Voyage of no Return (2009), five channel synchronized (4K) HD video installation, sound. Installation view Ludwig Forum für Internationale Kunst, Aachen, 2009.

A father prevaricates - cautioning his son, at first, about the dangers of travelling – but then, encouraging him, as he knows a father should, to set out and explore the world.

The inspiring and striking landscape around Oban, Scotland and its unfinished McCaig’s Tower, are the setting for this rift between a father and son, which is also a meditation on frontiers: those which separate geographies, cultures, as well as dream from reality. The son envisages the port below as having a simple secret. “It knows only departures, not returns.” His father, at the prospect of losing his son, confesses that his true fear afterall, is not of strange cultures, but of becoming a stranger to himself.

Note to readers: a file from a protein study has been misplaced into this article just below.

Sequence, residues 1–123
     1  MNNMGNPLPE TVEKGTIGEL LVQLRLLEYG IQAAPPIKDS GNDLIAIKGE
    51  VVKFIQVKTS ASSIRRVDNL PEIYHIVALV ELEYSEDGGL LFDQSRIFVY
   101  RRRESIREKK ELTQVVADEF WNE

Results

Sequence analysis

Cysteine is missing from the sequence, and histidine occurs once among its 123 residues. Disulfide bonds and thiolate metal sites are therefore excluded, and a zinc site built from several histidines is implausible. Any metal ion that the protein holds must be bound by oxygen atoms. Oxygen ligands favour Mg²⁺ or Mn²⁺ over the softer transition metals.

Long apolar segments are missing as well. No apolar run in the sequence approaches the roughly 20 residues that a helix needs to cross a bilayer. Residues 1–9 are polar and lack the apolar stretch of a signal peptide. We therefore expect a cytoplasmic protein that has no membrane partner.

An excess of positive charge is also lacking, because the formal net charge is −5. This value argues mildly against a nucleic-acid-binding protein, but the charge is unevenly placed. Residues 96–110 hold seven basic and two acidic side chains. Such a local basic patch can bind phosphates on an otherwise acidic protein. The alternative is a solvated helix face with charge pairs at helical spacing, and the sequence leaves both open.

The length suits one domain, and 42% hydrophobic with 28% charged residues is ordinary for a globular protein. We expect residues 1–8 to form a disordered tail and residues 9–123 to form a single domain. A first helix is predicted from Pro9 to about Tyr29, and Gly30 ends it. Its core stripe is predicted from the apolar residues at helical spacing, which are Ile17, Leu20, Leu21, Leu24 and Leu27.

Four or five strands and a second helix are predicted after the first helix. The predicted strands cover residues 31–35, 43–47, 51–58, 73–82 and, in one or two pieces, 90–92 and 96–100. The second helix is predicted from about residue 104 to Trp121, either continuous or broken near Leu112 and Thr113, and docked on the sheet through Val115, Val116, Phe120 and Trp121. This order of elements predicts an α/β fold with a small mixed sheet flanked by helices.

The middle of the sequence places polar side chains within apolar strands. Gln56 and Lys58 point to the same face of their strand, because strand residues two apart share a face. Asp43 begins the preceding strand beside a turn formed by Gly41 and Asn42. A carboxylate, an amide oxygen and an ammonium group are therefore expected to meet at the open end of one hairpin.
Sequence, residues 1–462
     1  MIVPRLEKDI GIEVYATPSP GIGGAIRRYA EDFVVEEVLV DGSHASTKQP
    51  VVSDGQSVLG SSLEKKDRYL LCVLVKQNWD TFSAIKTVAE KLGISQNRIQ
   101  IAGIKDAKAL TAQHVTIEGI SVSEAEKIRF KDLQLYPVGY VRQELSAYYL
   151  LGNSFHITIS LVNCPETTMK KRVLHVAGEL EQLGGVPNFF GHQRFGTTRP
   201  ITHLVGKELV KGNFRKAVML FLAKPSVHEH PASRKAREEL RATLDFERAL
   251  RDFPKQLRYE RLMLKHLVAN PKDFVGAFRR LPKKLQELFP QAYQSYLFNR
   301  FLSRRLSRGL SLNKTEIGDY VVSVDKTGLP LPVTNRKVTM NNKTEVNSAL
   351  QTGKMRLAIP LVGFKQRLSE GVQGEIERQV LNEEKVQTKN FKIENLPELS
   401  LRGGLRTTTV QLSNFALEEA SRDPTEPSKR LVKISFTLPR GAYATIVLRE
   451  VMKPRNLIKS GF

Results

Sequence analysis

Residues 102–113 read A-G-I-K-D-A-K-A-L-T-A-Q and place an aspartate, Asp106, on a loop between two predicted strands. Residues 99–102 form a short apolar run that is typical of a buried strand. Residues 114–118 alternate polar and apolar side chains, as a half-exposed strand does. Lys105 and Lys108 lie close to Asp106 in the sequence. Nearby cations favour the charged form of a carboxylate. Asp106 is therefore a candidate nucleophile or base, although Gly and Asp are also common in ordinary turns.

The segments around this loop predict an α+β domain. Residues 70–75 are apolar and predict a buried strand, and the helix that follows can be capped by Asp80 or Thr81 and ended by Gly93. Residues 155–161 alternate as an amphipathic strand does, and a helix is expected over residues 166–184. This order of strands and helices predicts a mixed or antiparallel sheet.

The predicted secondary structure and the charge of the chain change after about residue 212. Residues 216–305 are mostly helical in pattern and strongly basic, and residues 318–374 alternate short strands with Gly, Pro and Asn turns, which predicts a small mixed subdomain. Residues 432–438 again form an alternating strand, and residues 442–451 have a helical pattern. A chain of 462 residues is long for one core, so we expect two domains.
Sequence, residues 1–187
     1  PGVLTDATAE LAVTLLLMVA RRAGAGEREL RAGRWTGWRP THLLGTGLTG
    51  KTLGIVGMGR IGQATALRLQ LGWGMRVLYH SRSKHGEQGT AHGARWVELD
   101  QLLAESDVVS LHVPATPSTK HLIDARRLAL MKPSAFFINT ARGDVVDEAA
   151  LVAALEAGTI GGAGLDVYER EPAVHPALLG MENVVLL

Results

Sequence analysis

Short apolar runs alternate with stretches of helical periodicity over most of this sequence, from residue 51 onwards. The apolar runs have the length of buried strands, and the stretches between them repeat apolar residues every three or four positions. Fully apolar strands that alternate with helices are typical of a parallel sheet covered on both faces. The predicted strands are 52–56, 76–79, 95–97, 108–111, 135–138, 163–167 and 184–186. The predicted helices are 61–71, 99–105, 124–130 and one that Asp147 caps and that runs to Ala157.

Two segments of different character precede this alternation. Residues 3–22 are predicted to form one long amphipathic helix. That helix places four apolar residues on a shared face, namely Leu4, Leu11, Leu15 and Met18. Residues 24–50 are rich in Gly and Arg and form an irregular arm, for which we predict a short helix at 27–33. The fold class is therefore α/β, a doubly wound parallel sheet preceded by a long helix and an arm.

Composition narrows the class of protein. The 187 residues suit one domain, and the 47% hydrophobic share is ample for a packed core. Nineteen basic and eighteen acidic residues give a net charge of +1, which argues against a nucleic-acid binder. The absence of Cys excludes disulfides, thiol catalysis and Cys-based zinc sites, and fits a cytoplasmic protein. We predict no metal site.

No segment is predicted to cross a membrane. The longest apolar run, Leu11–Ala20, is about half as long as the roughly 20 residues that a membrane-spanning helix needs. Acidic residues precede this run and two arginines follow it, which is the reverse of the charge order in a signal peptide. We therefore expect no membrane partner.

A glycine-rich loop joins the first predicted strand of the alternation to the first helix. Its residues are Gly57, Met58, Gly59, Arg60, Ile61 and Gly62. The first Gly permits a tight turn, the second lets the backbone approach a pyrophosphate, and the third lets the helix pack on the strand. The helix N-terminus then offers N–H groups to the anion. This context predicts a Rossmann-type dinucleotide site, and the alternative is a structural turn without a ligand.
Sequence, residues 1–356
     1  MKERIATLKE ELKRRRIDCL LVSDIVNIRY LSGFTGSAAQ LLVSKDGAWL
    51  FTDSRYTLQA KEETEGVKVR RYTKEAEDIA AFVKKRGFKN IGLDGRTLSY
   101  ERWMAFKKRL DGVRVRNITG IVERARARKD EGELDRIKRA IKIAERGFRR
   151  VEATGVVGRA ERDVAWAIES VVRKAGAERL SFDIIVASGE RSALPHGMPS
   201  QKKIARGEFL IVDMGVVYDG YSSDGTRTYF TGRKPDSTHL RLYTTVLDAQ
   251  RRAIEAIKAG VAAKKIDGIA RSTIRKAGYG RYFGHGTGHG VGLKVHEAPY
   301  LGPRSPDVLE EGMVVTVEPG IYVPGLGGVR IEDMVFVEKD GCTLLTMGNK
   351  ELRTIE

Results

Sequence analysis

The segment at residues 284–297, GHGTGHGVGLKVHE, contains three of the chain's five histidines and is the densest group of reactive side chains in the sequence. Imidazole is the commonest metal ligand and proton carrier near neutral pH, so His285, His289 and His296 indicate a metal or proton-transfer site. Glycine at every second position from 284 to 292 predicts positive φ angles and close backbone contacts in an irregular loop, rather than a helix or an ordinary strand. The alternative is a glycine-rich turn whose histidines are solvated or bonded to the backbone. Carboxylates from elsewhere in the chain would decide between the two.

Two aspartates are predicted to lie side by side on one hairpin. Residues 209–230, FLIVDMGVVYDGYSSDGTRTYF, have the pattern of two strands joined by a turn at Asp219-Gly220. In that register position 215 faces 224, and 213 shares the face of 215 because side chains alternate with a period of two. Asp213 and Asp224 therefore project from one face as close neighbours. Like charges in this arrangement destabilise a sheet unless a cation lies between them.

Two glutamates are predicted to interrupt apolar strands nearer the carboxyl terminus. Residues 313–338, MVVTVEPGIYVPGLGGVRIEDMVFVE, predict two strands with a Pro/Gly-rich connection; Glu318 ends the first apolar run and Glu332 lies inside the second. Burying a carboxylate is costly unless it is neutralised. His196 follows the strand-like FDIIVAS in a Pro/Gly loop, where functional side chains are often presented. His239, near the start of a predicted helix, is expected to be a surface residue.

The paradox in the narrative is that it seems this philosophical argument between father and son will not end here, but will resume the next day, and the day after.  The son’s departure is likely to be postponed indefinitely.  And so, on this level, his departure knows only returns.

The script is loosely based on fragments from Italo Calvino’s book Invisible Cities. The initial impetus for the adaptation was the exploration of the two opposite notions of fixity and unboundness and the mapping of what could be termed as ‘soft territories’. The concept looks specifically at the idea of geographies that are demarcated and moreover politically and culturally liberated.